As of a couple of years ago, YAPC::NA organizers and attendees realized that about half of the attendees of each conference had never attended a YAPC before. That's between one and two hundred people whose main face to face involvement with the larger Perl community may have been limited to a local Perl Mongers meeting. Yes, these attendees have almost certainly used the CPAN, very likely participated in a discussion on a Perl web site, mostly used a Perl mailing list (and not just the YAPC mailing list), and have probably been on a Perl IRC channel, but they probably aren't the people you think of when you think "Who are the best connected people in the Perl community?"
As far back as I can remember (which, admittedly, is one of the YAPC::NAs in Chicago), an early morning talk has served as an introduction to YAPC, specifically intended to help new attendees understand the conference and its quirks and norms. That talk invites these attendees to the novice welcome meeting.
The organizers also grab as many of the well connected people in the community—pumpkings, core developers, CPAN contributors, authors, project leaders, anyone whose name you might recognize—and ask them to show up and be willing to talk to people. That's it.
What I like about this system is that it welcomes people in two ways. First, it acknowledges that it's okay to be new to YAPC or the Perl community in person. If that's you, you're not alone. Half of everyone you're going to see at the conference is like you in that sense.
Not only that, but you have permission to participate. You're welcome to attend this little meetup that has an explicit place in the schedule—it's an official part of the conference—and you're encouraged to talk to people you might know only by reputation. They're there to meet and talk to you. They're not there to hang out in little groups by themselves. They're there to talk to you.
I've heard good things about this event. I've enjoyed it every time I've gone. (As an introvert myself, I like having permission to talk to people with a limit of a couple of hours.)
I feel the same way about a YAPC Code of Conduct. I don't see it as a warning that "straying from a straight and narrow path of arbitrariness will not be tolerated, so if you're not sure if you might accidentally say or do something someone else doesn't like, stay away!" I see it as giving people who aren't necessarily well versed in the norms and ideals and messy politics of dealing with the Perl community every day virtually and in person permission to believe that they should feel welcome and important in the community.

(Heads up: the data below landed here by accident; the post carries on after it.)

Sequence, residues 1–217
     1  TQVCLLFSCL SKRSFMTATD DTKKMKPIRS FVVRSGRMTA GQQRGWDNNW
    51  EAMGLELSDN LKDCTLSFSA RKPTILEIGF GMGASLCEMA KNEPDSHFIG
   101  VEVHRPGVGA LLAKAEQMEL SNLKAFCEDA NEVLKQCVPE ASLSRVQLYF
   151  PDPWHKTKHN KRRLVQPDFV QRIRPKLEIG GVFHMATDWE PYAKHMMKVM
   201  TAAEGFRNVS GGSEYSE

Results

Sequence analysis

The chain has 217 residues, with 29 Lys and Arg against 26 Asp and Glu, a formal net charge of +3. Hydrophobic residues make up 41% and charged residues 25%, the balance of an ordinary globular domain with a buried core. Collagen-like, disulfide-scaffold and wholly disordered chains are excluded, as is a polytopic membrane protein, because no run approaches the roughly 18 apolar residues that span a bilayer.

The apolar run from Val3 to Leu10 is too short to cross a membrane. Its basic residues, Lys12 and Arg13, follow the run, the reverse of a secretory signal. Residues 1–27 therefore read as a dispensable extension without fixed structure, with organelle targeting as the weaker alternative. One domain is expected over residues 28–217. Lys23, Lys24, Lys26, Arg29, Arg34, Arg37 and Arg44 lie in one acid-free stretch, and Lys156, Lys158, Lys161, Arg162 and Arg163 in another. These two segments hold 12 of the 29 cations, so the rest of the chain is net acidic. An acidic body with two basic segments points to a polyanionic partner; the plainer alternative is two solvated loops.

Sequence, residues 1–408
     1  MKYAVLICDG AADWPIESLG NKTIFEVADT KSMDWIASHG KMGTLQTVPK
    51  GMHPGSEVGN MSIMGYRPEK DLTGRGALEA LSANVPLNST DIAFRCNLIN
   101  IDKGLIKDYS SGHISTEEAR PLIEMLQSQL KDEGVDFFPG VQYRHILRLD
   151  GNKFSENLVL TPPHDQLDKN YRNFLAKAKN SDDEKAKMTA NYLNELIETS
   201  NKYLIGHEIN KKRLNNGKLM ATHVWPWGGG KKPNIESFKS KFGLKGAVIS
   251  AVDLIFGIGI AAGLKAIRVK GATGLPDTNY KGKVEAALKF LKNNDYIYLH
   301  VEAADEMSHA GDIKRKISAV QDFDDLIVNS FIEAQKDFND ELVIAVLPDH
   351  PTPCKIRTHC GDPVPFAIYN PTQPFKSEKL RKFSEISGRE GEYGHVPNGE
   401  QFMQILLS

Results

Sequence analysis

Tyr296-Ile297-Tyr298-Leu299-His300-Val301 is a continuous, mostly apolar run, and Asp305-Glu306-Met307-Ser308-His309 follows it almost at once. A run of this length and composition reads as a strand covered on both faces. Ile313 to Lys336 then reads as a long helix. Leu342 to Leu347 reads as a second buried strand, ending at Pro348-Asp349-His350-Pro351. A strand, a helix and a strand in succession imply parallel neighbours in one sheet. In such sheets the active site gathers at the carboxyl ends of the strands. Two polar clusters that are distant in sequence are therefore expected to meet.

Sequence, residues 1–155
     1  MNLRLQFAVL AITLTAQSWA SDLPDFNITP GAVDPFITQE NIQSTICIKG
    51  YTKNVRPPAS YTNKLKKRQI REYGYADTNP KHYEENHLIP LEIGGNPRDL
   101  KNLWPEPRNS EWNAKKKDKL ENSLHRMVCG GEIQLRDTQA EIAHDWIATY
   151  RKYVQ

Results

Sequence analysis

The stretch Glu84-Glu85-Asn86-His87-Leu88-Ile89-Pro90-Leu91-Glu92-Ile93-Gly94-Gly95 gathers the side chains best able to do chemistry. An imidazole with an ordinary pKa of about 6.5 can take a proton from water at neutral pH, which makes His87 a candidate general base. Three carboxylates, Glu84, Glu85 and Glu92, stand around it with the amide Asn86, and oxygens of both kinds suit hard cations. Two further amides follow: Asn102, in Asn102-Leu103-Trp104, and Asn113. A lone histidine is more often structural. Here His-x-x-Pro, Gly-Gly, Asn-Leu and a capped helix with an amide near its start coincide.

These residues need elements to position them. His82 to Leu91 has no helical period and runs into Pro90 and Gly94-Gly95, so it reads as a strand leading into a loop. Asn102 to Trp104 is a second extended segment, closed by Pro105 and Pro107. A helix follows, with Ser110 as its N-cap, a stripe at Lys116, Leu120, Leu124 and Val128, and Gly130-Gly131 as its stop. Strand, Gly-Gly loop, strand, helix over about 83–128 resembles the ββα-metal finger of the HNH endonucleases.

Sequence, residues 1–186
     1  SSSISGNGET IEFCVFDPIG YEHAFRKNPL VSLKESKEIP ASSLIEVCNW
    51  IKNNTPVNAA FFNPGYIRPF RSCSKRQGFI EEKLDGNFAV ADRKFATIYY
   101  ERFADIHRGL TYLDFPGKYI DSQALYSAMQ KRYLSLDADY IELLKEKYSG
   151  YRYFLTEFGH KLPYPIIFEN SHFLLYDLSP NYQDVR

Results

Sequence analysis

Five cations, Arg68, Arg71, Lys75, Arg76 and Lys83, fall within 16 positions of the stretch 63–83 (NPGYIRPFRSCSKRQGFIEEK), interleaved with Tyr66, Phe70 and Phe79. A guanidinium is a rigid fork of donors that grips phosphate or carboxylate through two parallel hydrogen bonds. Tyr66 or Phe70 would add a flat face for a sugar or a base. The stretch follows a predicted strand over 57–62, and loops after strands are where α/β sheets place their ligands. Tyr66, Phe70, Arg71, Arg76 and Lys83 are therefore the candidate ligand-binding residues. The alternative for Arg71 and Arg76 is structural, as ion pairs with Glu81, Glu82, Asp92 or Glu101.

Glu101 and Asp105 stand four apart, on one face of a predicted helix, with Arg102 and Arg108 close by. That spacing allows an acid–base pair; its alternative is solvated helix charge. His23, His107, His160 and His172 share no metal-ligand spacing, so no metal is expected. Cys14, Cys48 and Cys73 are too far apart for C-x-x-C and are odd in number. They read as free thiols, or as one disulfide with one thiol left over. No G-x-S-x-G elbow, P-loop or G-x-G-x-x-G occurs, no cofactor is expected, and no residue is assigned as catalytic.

It's about empathy.
I understand people disagree about the wording and even need for a code of conduct, and I don't mean to suggest that such concerns come from robots who lack empathy. By no means.
Yet put yourself in the shoes of someone who feels like he might not quite fit in in a talk, because it's full of inside jokes and jargon and the kinds of comfortable banter you only get after you've idled on a handful of Perl IRC channels for months or years. (Imagine that person's an introvert, or at least not as stubborn as I am.) Now imagine the speaker or someone else says or does something that reminds that person that he doesn't belong there, that he doesn't fit in, that he's different.
That's not necessarily assault. That's not necessarily a criminal act. But it's probably unnecessary and hopefully unintentional.
(The best silly example I can come up with is a speaker saying "... and of course, if you're a Windows user, no one cares about you until you man up and get a real operating system." and half of the audience laughs.)
Sure, there are good legal reasons to have a code of conduct that suggests that criminal activities such as assault, battery, and sexual assault are intolerable. There's no gray area about groping or rape or physical violence.
I agree with a lot of Open source is not a war zone, and I agree fully that the Perl community is all the richer for contributions of people like Wendy and Liz and Karen and Su-Shee et cetera. I'm glad they participate, just like I'm glad people like Tim Bunce and Schwern and brian d foy and Dave Rolsky and Rik et cetera participate.
I just can't quite agree that a code of conduct has a chilling effect that will exclude people. I don't see it.
Maybe that's because I see the code of conduct as explicitly saying "If you feel like you don't quite fit in, that's okay. You're welcome here. We take you seriously. If you have one of these big problems—even if it's with a speaker or writer or developer with a famous name—we'll take that seriously. The rules apply to everyone."
Sure, there's more to helping newcomers feel welcome than enforcing a policy of civil conduct, but that's the minimum I want to see, and I'm glad that YAPCs have done other things (less controversial, I'm sure) to that end.